What should you do when a dog attacks yours?

(33 Posts)

I have a lovely Springer. He's 18 months old, castrated, friendly, well socialised and soft as butter.

Last week I was running with my dog and another runner passed us going in the opposite direction with two dogs (all 3 off lead). they both made a beeline for mine and they seemed aggressive, growling and snapping at him. He tried to avoid them but they kept chasing. They were both greyhounds/lurchers so outran him easily and one pinned him down growling and wouldn't let him up. Eventually their owner noticed, called his dogs, I called mine and we all carried on. My dog was fine so I didn't think much of it.

Tonight we were in the same place and met the same dogs. The same thing happened. Owner ignored and carried on running until I shouted at him to call his dogs back. He shouted to them they ignored for a bit, then let go of my dog.

30 minutes later we passed them again. Same thing happened. This time I screamed at him to call his fucking dogs and keep them under control.
He did, but the dog was more reluctant to let go and kept coming back to mine.

I walk or run in this area virtually every day (its a beach by the way) I am reluctant to stop going there, but know we are likely to bump into these dogs again. How should I deal with it? I dont want my dog to think he has to protect himself, and I dont want him getting hurt

I really dont want to keep him on a lead and think this might make things worse anyway so need a way to deter the others

Allfurcoatandnoknickers Mon 28-Jan-13 14:08:47

I agree with you chickenshavenoeyebrows, I have a reactive dog who is far worse on the lead. He is a nervous rescue dog who had never been properly socialised. he will frequently misread signals, and sadly upsets a lot of dogs and owners by barking and being growly when he is playing.
my seven month old puppy, however, can read dogs better than him and he's 7yo now! I have been recommended a makuti calming band, which I am going to try, as I have tried pretty much everything else.
I would never say that it is right for dogs to growl, snap or be reactive, just to be aware of the bigger picture.

gymmummy64 Mon 28-Jan-13 15:24:06

I think some owners struggle to understand a reactive dog if they've not had one (mind you, I struggle too and I've got one!). Gymdog is now fine if he's looking at me and eating sausage and the other dog doesn't come and bother him. The trouble starts when the other dog does come over and doesn't take the hint that Gymdog isn't interested, even when he's staring at me intently and not interacting at all. Some dogs will mither and nudge and invite and sniff and that's when it starts to go wrong. There's only so much sausage can do! Sometimes it's just not possible to walk away cleanly and effectively.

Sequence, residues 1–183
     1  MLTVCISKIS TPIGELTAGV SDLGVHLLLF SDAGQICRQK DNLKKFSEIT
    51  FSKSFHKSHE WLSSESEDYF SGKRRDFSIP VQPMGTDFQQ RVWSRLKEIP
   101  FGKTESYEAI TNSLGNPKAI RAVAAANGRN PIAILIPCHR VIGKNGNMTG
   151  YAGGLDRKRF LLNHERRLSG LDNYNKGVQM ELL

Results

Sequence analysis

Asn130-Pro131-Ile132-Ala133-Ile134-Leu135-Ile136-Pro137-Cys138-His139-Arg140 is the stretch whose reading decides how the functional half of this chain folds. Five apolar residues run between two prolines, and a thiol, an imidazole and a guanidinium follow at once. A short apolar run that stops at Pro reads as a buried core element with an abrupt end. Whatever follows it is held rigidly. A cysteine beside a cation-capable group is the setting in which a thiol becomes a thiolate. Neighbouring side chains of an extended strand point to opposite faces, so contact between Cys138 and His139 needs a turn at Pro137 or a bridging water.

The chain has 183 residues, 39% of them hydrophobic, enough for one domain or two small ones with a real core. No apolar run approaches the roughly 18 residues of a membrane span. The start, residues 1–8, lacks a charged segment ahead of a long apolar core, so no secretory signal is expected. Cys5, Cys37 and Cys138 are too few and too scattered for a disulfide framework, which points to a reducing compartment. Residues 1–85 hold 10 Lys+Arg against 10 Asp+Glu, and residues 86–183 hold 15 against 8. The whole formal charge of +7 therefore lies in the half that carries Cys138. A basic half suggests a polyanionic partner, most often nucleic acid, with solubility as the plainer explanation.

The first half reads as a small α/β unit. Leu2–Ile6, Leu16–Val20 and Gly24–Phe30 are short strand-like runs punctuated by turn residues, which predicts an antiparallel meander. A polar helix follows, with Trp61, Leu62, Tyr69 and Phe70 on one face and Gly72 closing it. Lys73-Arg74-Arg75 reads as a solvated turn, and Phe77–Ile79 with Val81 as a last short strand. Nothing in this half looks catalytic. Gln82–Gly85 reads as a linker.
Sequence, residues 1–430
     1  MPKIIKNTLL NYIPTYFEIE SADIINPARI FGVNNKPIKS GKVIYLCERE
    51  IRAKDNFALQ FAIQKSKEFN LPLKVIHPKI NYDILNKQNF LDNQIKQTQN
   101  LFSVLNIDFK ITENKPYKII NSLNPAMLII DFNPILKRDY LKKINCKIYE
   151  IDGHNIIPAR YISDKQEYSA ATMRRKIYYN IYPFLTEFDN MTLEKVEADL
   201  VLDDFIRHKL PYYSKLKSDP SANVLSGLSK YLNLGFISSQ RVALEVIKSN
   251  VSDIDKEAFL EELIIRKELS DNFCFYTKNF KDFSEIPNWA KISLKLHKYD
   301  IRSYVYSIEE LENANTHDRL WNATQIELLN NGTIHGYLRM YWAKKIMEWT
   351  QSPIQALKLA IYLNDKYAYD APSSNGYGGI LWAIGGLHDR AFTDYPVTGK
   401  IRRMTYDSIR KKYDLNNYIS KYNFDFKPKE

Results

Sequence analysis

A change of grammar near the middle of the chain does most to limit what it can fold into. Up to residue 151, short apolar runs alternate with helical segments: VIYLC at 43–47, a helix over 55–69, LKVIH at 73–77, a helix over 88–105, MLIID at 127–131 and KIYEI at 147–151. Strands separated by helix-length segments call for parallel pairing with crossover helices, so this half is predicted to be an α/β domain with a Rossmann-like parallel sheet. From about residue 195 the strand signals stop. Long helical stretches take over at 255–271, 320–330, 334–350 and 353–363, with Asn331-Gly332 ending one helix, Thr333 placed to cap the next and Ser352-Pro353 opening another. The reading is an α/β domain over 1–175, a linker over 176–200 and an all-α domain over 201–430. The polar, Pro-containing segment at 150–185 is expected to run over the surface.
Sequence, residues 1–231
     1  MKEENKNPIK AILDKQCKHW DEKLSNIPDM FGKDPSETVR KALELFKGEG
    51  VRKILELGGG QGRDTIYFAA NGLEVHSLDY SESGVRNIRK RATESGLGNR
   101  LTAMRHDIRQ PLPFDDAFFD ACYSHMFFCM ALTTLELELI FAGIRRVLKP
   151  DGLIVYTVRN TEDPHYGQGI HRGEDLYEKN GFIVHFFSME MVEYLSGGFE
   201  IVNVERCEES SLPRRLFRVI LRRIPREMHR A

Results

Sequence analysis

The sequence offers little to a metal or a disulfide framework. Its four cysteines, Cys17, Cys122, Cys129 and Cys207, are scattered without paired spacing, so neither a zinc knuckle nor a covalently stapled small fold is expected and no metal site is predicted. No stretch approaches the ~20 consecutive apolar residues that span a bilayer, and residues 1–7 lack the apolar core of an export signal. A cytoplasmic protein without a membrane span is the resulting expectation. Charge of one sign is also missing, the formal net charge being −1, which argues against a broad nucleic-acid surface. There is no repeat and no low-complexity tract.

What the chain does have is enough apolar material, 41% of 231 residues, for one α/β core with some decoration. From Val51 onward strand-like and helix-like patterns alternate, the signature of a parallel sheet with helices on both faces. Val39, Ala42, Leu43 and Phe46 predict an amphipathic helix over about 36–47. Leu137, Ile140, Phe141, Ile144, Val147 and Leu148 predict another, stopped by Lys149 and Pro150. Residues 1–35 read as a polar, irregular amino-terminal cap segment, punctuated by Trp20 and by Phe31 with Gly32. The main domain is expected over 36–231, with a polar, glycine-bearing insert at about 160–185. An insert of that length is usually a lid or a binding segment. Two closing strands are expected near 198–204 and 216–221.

The other thing that drives me mad is mentioned upthread. 'Don't worry, he's super friendly!' trill other owners as their dog comes hurtling towards us and sticks their nose up Gymdog's bottom. Friendly is exactly what makes Gymdog unfriendly grin

bergedorf Mon 28-Jan-13 17:48:33

Just out of interest why don't you muzzle your dog? (I'm asking as the owner of a newly diagnosed reactive dog, and everyone's been telling me the Baskerville muzzles are very good and not uncomfortable for the dog.) Wouldn't it just save a lot of anxiety and potential heartbreak?

OverlyYappyAlways Mon 28-Jan-13 17:53:43

I have this problem with my dog, it's 3 who gang up on her, I used to just say 'fuck off' repeatedly through gritted teeth and almost run home but realised this wasn't helping so spoke to the owner of the 3 dogs only to be told ' they won't do anything they are friendly' hmm

My Dad too the dog out sure enough the 3 dogs started following him, I'm not sure it if's legal but he hit the dogs with my dogs leash, I have never had a problem with them again just one of them, I won't lie, I just swear at it and walk away quickly!

I would try report him, I have done this too, but the dogs get picked up then eventually the owner notices they are gone and she get them back.

topknob Mon 28-Jan-13 18:05:33

Hatti does your pup approach dogs on lead whilst she is off lead?

I don't muzzle my dog because he doesn't bite. I was told by a behaviourist that muzzling my already anxious dog might make him worse rather than better. If he ever actually bit, I would muzzle him. I hope, with a lot of training, it never comes to that tbh.

Hattifattner Mon 28-Jan-13 19:35:50

topknob, not any more, she will lie down quite far from the dog (at least 50m) and wait, this gives me chance to get her lead on too.

SHe is also pretty good at recall in case we come across a doggy unexpectedly.

topknob Tue 29-Jan-13 21:25:50

sounds like a great dog then smile I can't stand the ones who allow their pup to approach my dog, who is a miserable fecker especially with spaniels...it always ends up in a bad way yet they have no recall on the pup...and my dog is always on lead for the reason she is grumpy.

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